With a more quickly growing number of nations and private ventures reaching orbit than ever before, one issue of significant concern for all parties involved is space junk. Orbital debris comes from a wide variety of sources. It could include discarded rocket components, bits of trash accidentally released by orbiting astronauts, or pieces of broken satellites. Earth’s litter problem in space is already far-reaching and extremely treacherous. It promises to only become worse if we don’t find a way to remove the most dangerous bits of space junk before they have a chance to cause damage to anyone’s operational spacecraft or satellites.

This computer-generated orbital debris graphic displays currently tracked debris objects. (NASA)

Given this impending problem, a number of efforts have been mounted to capture and destroy large bits of orbital debris simply by getting ahold of them and reorienting them into a degrading orbit. As the junk falls into the Earth’s atmosphere, the friction will incinerate the debris, leaving a clearer sky for all of mankind. This strategy does represent one significant problem for national security, though: The ways one would capture and destroy space junk would work on most satellites, too.

It doesn’t take much to render a nation’s defense satellites worthless for a short time. A simple nudge would do in most cases. If you wanted to destroy an entire platform, all you’d need to do is capture it with a retractable arm and force it into a descent. Don’t have a retractable arm on your space weapon? Well, as the team at RemoveDEBRIS out of the University of Surrey in England have demonstrated, a simple spear will do quite nicely as well.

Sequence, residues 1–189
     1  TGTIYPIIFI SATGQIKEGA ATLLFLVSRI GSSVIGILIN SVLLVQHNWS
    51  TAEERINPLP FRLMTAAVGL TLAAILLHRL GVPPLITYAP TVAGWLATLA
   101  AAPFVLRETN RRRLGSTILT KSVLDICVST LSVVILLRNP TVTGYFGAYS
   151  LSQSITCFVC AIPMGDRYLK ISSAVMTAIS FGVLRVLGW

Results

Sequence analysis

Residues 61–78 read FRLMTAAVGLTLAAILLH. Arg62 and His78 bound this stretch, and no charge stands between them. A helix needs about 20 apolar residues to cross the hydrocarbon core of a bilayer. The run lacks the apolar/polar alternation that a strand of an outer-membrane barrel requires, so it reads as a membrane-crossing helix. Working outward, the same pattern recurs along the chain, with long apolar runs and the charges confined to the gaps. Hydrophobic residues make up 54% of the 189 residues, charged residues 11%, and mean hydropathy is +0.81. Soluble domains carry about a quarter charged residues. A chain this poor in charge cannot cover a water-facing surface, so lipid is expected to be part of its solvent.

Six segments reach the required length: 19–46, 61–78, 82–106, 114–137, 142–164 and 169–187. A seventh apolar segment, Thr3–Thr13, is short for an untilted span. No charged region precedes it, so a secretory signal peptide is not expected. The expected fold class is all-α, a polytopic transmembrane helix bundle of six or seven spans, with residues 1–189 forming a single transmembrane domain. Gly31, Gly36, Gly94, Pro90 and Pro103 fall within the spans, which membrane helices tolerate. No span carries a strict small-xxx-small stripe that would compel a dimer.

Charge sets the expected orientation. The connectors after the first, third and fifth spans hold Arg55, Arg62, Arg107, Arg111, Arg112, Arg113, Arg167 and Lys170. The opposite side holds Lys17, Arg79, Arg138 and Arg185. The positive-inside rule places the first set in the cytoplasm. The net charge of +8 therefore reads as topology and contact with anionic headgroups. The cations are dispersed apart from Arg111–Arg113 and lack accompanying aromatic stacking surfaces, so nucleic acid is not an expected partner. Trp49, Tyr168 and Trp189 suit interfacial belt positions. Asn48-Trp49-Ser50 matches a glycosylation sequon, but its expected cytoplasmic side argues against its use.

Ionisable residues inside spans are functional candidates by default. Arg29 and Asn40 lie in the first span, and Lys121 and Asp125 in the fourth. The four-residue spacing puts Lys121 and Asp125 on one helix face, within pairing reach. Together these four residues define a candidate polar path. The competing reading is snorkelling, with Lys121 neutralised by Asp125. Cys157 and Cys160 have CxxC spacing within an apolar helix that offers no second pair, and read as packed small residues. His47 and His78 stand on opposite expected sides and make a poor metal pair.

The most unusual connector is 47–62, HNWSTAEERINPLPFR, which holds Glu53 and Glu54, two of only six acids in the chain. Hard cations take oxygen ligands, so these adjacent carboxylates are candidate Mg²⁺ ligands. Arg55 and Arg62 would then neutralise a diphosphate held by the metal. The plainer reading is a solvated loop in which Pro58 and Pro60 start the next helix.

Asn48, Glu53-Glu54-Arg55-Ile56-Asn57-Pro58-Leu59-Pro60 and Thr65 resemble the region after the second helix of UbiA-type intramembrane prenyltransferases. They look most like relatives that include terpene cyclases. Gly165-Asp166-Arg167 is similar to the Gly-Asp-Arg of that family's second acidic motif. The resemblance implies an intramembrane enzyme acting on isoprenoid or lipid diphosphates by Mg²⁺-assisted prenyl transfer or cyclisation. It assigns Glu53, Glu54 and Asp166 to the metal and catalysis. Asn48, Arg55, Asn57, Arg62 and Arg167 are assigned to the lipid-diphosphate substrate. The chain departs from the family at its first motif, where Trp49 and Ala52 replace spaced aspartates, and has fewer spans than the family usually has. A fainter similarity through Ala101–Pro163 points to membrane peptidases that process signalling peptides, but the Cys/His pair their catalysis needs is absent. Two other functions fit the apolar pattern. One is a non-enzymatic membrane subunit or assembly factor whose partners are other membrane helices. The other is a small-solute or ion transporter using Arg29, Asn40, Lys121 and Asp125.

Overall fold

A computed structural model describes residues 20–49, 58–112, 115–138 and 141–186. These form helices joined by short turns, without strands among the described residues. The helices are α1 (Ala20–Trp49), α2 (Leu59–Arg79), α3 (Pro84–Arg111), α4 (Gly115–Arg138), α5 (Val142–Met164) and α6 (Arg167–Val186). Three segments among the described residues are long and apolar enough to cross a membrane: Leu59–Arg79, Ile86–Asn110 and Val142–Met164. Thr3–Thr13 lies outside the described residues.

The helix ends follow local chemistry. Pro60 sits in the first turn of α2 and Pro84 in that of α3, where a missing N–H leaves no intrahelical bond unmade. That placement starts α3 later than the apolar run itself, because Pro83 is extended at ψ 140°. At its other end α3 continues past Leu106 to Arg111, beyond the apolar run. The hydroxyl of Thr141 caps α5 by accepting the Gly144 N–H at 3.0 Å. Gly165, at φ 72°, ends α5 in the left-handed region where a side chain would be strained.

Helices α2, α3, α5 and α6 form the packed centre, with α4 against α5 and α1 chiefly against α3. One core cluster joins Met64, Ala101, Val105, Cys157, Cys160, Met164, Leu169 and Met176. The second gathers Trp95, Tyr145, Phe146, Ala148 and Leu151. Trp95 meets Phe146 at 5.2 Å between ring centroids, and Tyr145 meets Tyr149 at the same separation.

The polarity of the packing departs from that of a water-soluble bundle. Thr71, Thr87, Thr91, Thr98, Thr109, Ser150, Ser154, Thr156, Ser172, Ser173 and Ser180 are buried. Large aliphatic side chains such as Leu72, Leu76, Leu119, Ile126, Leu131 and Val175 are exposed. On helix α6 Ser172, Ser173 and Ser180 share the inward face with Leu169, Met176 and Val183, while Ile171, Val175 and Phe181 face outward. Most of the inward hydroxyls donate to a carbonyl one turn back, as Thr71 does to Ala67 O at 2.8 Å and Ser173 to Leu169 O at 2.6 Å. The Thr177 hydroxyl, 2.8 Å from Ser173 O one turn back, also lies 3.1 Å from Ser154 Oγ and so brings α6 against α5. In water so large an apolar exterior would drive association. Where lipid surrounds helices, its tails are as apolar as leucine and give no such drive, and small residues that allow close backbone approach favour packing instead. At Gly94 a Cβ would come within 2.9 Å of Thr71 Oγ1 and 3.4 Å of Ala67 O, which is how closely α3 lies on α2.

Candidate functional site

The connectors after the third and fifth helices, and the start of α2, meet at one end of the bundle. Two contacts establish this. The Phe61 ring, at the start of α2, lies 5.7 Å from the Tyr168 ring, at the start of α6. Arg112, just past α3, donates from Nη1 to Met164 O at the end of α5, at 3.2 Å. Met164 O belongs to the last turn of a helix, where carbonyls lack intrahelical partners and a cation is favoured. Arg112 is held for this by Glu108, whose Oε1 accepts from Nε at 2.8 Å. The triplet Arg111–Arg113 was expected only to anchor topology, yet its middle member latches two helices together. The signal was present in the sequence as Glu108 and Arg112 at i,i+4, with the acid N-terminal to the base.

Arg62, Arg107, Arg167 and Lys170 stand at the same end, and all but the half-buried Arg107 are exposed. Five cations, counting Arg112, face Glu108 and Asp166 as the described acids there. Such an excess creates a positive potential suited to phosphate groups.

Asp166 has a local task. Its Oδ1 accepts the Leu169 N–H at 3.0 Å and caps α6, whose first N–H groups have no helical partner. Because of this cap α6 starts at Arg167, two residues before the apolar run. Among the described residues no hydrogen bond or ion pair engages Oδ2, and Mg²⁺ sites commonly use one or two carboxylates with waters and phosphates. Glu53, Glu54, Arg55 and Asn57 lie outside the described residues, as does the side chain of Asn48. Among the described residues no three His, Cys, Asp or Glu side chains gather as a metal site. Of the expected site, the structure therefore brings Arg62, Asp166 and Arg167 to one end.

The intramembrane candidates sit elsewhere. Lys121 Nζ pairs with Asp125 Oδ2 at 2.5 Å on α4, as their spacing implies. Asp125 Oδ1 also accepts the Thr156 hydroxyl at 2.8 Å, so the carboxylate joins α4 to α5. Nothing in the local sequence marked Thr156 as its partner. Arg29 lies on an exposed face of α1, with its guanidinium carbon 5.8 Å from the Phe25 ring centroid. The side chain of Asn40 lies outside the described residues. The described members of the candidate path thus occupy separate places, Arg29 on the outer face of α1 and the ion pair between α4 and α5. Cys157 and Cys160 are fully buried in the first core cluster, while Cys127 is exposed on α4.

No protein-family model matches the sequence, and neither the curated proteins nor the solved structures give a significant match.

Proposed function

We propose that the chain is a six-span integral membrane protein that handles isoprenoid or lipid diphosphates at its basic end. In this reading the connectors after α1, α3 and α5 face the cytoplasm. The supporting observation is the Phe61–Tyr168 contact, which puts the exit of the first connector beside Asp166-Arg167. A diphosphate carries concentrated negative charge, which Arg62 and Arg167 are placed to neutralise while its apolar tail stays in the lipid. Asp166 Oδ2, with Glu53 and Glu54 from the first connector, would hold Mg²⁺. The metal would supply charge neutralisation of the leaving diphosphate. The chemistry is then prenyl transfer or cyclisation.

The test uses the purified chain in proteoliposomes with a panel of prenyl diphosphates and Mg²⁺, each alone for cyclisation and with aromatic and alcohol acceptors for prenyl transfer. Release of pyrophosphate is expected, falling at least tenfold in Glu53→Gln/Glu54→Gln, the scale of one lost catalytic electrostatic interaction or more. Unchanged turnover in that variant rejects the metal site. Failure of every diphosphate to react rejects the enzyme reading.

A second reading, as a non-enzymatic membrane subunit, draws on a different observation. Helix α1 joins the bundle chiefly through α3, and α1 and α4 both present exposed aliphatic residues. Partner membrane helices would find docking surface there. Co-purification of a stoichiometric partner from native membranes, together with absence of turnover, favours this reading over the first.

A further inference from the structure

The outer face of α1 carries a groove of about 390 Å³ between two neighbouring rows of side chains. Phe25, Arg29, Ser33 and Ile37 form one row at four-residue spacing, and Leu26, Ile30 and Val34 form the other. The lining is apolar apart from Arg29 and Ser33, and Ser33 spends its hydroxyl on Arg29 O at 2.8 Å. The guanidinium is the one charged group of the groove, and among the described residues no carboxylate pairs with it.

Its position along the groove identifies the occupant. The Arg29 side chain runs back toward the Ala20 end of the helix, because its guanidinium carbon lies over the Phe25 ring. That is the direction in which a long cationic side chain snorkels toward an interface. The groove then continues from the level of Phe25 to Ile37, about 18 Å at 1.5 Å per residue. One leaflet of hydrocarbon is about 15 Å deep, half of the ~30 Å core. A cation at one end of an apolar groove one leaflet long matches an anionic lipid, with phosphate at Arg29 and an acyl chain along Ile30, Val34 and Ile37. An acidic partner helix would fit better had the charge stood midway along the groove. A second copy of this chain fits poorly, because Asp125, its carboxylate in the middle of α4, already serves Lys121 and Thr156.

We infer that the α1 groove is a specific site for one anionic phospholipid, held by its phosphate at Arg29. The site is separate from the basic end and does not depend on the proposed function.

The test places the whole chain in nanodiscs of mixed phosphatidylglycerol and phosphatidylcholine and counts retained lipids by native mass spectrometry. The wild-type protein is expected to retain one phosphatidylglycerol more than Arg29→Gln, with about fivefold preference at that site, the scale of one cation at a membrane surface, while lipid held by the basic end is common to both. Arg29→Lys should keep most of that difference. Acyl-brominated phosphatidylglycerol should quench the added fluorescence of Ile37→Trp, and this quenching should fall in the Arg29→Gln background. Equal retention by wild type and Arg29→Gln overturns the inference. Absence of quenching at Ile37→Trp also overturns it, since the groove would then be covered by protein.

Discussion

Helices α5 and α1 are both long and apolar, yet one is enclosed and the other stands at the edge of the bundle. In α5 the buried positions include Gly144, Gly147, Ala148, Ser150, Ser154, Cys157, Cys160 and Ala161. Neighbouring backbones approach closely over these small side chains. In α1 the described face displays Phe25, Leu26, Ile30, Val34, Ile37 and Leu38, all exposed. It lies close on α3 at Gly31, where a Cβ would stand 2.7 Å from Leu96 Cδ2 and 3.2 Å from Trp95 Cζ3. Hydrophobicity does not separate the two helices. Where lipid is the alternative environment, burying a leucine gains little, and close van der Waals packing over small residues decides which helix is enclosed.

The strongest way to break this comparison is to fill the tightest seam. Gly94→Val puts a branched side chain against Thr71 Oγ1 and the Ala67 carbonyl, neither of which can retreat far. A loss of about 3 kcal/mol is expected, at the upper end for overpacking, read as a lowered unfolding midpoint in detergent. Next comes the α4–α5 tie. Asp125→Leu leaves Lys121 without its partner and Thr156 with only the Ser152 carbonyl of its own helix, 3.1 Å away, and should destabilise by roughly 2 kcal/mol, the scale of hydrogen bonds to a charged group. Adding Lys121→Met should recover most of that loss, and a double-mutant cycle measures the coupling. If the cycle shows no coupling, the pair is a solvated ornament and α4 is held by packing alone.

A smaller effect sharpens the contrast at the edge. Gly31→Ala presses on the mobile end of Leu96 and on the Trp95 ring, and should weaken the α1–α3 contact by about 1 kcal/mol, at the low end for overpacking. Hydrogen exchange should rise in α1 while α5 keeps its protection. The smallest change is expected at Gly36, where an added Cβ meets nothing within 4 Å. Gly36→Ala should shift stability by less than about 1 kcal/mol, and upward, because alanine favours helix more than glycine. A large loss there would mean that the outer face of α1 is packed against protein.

(University of Surrey)

That’s a recent demonstration of the RemoveDEBRIS program’s space-based junk spear. Their satellite was sent up to test a number of debris-capturing methodologies, one of which included using a tethered projectile to capture floating bodies in space. Previous tests have included launching nets and using onboard LIDAR and optical camera equipment to locate, identify, and close with targets, which, in the University of Surrey’s case, have mostly been targets of their own construction. In the case of Russia’s “Inspector” satellites and China’s forthcoming platforms built on the same basic premise, though, the targets could feasibly be anything in orbit, including the satellites the U.S. military relies on for navigation, communications, and even nuclear launch warnings.

Eliminating the threat posed by space debris is undoubtedly an important undertaking, but as the skies above our heads become more crowded, it is growing increasingly difficult to distinguish between well-intentioned efforts and ostensibly harmless albeit easily weaponized initiatives by national competitors. In fact, we may not see such a space weapon coming until it’s too late—and then it may be the last thing our satellites ever see.

Watch the full test of RemoveDEBRIS’ system below:

 

Feature image courtesy of YouTube

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